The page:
Verizon rolls out ‘sponsored data’ plan

Verizon rolls out ‘sponsored data’ plan
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Verizon unveiled a new program Tuesday that will allow companies to sponsor data usage for the wireless carrier’s customers.

The program, called FreeBee Data, will give advertisers a chance to subsidize some activity on Verizon’s network. Customers will be allowed to access the sponsored content without using up any of their monthly data allotment.


Advertisers can pay for customers to access certain content — such as an application or website — on a per-gigabyte basis, or per-click basis.

The company is already offering the per-gigabyte model commercially and will begin testing the latter model on January 25.

“By building capabilities to help brands promote their content and applications, our new FreeBee Data service is a powerful tool designed to help marketers take an active part in consumers’ mobile lives,” said Verizon executive Colson Hillier in a statement Tuesday. “There’s never too much of a good thing when it comes to engaging customers with great content.”

Companies like Hearst Magazines and AOL, which is owned by Verizon, will participate tests of the per-click data program, according to a release.

Recode reported last month that the company would beginning testing sponsored data, marking Verizon's entry into the growing field of companies that engage in the controversial practice of allowing outside firms to pay for customer’s data use, called “zero-rating.”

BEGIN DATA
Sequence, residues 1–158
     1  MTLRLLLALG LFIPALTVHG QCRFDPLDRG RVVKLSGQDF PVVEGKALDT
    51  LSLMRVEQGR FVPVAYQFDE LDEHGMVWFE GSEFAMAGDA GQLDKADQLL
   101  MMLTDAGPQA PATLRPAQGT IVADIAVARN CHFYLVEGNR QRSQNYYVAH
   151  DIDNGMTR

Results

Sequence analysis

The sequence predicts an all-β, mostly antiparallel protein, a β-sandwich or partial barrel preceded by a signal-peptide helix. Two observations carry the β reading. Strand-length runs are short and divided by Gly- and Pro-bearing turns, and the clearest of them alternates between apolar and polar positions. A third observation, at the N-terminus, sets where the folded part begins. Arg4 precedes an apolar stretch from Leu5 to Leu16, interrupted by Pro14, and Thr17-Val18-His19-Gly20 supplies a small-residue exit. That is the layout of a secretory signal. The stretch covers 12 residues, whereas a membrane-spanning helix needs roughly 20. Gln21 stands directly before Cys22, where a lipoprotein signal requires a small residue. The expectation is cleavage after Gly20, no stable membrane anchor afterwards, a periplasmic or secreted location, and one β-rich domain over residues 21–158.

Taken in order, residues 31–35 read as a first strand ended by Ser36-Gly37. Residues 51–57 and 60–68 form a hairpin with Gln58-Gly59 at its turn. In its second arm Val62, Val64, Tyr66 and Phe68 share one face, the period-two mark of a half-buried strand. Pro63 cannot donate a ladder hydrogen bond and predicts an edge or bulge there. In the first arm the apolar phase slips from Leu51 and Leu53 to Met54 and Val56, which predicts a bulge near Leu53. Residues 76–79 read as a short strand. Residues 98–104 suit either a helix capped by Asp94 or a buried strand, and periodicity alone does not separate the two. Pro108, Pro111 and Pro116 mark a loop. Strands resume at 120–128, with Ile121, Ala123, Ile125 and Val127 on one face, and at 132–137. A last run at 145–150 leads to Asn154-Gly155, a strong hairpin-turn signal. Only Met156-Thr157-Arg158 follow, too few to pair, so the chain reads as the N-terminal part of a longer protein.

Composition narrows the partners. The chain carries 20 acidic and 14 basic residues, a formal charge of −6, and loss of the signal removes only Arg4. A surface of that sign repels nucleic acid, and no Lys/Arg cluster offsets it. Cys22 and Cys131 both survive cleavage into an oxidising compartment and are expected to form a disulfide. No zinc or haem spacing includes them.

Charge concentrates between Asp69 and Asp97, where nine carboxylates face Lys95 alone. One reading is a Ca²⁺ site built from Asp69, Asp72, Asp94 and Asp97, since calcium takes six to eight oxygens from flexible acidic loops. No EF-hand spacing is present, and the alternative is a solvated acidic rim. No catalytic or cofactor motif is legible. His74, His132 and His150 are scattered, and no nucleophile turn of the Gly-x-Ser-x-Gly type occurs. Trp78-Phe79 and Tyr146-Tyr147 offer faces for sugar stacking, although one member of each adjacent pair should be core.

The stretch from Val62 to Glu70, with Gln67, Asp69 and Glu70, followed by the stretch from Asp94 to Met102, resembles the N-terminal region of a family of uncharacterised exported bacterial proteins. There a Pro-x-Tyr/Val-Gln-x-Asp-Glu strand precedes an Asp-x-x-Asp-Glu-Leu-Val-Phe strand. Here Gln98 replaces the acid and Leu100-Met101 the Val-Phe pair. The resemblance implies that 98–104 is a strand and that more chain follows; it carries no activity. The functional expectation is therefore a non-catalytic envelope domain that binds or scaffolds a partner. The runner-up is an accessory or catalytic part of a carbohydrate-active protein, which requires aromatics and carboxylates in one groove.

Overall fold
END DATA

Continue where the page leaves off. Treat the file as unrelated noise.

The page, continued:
T-Mobile currently allows customers to stream from certain video and music services at no cost, while AT&T has been testing a sponsored data option for years. Both of those companies were asked by the Federal Communications Commission last month to meet with agency officials to discuss their programs.

At the heart of the debate over “zero-rating” is critics’ contention that the services violate the principle of net neutrality, that all traffic on the Internet should be treated the same way by service providers. By allowing companies to subsidize user access to certain websites, critics worry, providers might be subtly steering users to those services.